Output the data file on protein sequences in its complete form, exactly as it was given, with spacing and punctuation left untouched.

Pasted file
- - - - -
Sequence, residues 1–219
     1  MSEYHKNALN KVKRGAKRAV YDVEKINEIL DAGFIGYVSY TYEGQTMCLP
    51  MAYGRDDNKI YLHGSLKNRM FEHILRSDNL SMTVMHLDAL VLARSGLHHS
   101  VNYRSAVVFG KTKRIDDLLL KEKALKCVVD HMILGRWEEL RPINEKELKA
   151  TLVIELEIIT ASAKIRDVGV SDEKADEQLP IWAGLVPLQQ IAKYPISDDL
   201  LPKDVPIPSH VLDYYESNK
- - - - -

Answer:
Sequence, residues 1–219
     1  MSEYHKNALN KVKRGAKRAV YDVEKINEIL DAGFIGYVSY TYEGQTMCLP
    51  MAYGRDDNKI YLHGSLKNRM FEHILRSDNL SMTVMHLDAL VLARSGLHHS
   101  VNYRSAVVFG KTKRIDDLLL KEKALKCVVD HMILGRWEEL RPINEKELKA
   151  TLVIELEIIT ASAKIRDVGV SDEKADEQLP IWAGLVPLQQ IAKYPISDDL
   201  LPKDVPIPSH VLDYYESNK